Decorative WOW Currents Banner

All Listening Together: Biographical Picturebooks About Global Musicians

Celeste Trimble, St. Martin’s University, Lacey, WA

Last Sunday, I attended my first virtual dance party put on by D-Nice on Instagram Live, dubbed Club Quarantine. I’ve seen conflicting reports that there were 50,000 to 150,000 virtual attendees from all over the globe all listening to music and dancing alone together. It was a true stress relief, as music can often be. It also reminded me that music is often a social act. Most of us grow up with some music, and many of us grow up surrounded by music. Music is one way that our identities get formed–through identifying with others who share the same musical interests or culture. Our families raise us with their own musical interests, but we explore on our own, forming our own musical identities. In this post, I will explore picturebook biographies about global musicians that relate to my own musical upbringing and identities. Continue reading

Decorative WOW Currents Banner

Literary Arts Biographies for Young Readers and Writers

Celeste Trimble, St. Martin’s University, Lacey, WA

Cover of Sounds and Silences, depicting two trees, one drawn realistically and one drawn abstractly.When I was fourteen, I loved poetry. I always loved it, having grown up on a steady diet of recited nursery rhymes and children’s poetry like A Child’s Garden of Verses by Robert Louis Stevenson. But something happened in junior high school: The anthology, Sounds and Silences: Poetry for Now, edited by Richard Peck. I loved that it included song lyrics by Woody Guthrie, Leonard Cohen and The Beatles–verses I recognized. What I really loved about this book was that it was my introduction to writers who shaped and continue to shape how I think about the world, my life and the lives around me. “The Rebel” by Mari E. Evans was practically an anthem for the duration of my adolescence. Langston Hughes, e e cummings, Dylan Thomas, this book was my introduction to modern poetry. But, most importantly, it was my introduction to Gwendolyn Brooks. Continue reading

Decorative WOW Currents Banner

Dancing On The Shelves: Biographical Picturebooks About Dancers

Celeste Trimble, St. Martin’s University, Lacey, WA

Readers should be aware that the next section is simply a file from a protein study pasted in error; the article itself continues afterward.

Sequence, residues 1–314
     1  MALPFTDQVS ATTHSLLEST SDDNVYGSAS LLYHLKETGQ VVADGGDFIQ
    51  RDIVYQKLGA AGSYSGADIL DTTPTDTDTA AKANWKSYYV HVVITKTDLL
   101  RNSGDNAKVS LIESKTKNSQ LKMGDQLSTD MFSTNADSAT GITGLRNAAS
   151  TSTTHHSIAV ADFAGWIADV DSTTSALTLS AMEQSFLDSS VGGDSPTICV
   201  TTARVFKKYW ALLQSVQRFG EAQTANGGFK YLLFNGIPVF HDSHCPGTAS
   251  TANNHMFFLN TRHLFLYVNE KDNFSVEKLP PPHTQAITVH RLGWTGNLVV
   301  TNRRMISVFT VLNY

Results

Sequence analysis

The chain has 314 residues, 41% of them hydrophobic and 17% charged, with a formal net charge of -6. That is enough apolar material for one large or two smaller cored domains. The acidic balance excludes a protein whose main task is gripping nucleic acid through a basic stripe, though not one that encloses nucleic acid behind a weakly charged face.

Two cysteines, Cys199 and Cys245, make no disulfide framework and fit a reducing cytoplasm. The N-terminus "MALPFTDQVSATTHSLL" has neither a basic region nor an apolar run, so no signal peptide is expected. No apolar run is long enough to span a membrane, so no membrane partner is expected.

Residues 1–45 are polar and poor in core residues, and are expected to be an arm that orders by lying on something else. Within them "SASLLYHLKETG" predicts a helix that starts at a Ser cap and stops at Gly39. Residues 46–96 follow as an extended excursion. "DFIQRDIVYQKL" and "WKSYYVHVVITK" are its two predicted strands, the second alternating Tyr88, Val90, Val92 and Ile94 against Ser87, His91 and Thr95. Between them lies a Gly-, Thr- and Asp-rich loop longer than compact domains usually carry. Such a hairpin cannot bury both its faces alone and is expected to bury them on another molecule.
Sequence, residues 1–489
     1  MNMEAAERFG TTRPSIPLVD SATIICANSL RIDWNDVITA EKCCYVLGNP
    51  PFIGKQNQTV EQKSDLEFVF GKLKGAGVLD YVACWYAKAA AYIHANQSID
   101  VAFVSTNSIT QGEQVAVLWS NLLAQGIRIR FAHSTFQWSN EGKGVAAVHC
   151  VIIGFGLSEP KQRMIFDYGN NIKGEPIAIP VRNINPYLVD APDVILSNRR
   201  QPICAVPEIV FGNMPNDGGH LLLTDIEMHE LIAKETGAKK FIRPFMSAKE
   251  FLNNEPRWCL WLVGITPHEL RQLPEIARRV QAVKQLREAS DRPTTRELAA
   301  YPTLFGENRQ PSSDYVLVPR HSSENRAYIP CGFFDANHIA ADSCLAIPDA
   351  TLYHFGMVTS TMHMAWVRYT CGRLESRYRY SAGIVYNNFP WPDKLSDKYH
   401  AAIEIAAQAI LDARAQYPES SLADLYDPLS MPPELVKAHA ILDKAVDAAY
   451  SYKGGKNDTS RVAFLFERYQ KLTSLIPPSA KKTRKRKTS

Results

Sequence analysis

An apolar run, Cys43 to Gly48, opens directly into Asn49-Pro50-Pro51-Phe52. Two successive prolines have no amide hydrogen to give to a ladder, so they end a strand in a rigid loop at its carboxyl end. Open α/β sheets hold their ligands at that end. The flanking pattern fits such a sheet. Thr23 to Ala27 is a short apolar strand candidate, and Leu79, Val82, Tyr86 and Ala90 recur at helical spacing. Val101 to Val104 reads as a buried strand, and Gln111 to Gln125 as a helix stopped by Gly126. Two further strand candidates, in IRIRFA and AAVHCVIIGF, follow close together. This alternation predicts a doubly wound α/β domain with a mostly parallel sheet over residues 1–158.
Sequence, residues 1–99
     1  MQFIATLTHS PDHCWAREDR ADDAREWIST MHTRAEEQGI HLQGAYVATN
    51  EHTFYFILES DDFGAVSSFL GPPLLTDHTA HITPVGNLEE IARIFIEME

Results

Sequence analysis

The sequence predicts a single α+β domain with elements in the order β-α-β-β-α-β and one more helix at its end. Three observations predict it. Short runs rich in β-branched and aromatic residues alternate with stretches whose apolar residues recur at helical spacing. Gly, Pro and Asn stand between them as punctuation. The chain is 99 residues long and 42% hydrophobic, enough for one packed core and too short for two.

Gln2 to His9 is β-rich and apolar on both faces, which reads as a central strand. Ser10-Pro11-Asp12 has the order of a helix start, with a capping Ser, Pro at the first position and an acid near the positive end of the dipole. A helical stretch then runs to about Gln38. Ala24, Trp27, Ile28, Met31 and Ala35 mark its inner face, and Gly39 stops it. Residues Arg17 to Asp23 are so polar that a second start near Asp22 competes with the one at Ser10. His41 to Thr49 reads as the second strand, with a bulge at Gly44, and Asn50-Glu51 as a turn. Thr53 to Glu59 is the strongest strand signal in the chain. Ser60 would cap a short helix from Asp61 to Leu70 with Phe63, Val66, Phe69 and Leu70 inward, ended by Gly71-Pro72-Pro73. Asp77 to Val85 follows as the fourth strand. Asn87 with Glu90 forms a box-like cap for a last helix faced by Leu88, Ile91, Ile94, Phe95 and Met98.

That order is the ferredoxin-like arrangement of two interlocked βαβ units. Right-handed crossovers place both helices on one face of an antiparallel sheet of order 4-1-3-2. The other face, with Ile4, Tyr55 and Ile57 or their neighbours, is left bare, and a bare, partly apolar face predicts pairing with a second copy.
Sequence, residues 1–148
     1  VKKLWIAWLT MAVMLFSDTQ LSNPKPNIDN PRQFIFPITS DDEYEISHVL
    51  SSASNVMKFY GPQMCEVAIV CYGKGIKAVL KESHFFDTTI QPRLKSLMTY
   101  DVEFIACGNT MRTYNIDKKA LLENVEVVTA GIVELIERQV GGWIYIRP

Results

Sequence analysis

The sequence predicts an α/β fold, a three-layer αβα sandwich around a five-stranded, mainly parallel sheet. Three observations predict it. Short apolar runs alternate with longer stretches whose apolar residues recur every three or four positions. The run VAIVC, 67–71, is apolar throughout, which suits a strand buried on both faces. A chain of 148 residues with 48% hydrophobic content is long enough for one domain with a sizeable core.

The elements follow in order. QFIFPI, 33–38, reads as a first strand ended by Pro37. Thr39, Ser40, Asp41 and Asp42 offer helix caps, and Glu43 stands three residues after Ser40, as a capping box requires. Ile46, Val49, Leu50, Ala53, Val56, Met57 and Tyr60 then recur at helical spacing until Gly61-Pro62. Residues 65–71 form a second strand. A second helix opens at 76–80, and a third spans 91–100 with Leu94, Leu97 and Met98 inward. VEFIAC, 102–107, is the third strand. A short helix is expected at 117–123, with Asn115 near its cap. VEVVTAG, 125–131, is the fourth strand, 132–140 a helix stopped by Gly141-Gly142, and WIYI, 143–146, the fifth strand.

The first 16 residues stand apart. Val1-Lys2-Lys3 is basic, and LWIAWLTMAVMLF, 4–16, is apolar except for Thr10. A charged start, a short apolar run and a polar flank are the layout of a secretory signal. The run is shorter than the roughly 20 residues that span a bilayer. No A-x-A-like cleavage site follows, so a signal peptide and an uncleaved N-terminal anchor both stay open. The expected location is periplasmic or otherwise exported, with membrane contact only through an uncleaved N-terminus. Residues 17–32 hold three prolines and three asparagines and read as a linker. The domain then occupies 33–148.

Cover of Swan depicting a young girl with black hair in a pink dress dancing with one arm above her head and the other extended to the side, where wings appear, on a black background.There are countless forms of dance around the world. Ceremonial dance, liturgical dance, social dance, performance dance, and all the countless variations within. For this look at biographical picturebooks of dancers, I look specifically at dancers who have practiced ballet, and some who have moved through ballet to other forms. Continue reading

Decorative WOW Currents Banner

Theater Arts Biographies for Young Readers

Celeste Trimble, St. Martin’s University, Lacey, WA

Cover of The Legendary Miss Lena Horne depicting a black woman in a black dress in front of a red background.This month, Wow Currents will focus on artist’s biographies in children’s literature. There has been a significant increase in biographical picturebooks throughout the last decade, and trends have shown that biographies of women have been particularly sought out by publishers. Initially, I wanted to focus solely on biographical picturebooks, however there are a few biographies that I want to highlight that don’t fall into that category, including longer form biographies, graphic narratives, and verse biographies. Continue reading

My Take Your Take Banner

MTYT: A Girl Called Genghis Khan

by Seemi Aziz, University of Arizona, Tucson, and Celeste Trimble, St. Martin’s University, Lacey, WA

Abilities and disabilities go hand in hand and their representations in children’s picturebooks know no bounds, especially in recent publications. Success stories depicted in picturebooks provides inspiration for readers of all ages. For the month of January 2020, Seemi and Celeste provide their takes on the power of strengths and abilities especially those of little-known athletes of local and global origins. This week, they look at A Girl Called Genghis Khan: How Maria Toorpakai Wazir pretended to be a Boy, Defied the Taliban, and became a World-Famous Squash Player, written by Michelle Lord and illustrated by Shehzil Malik.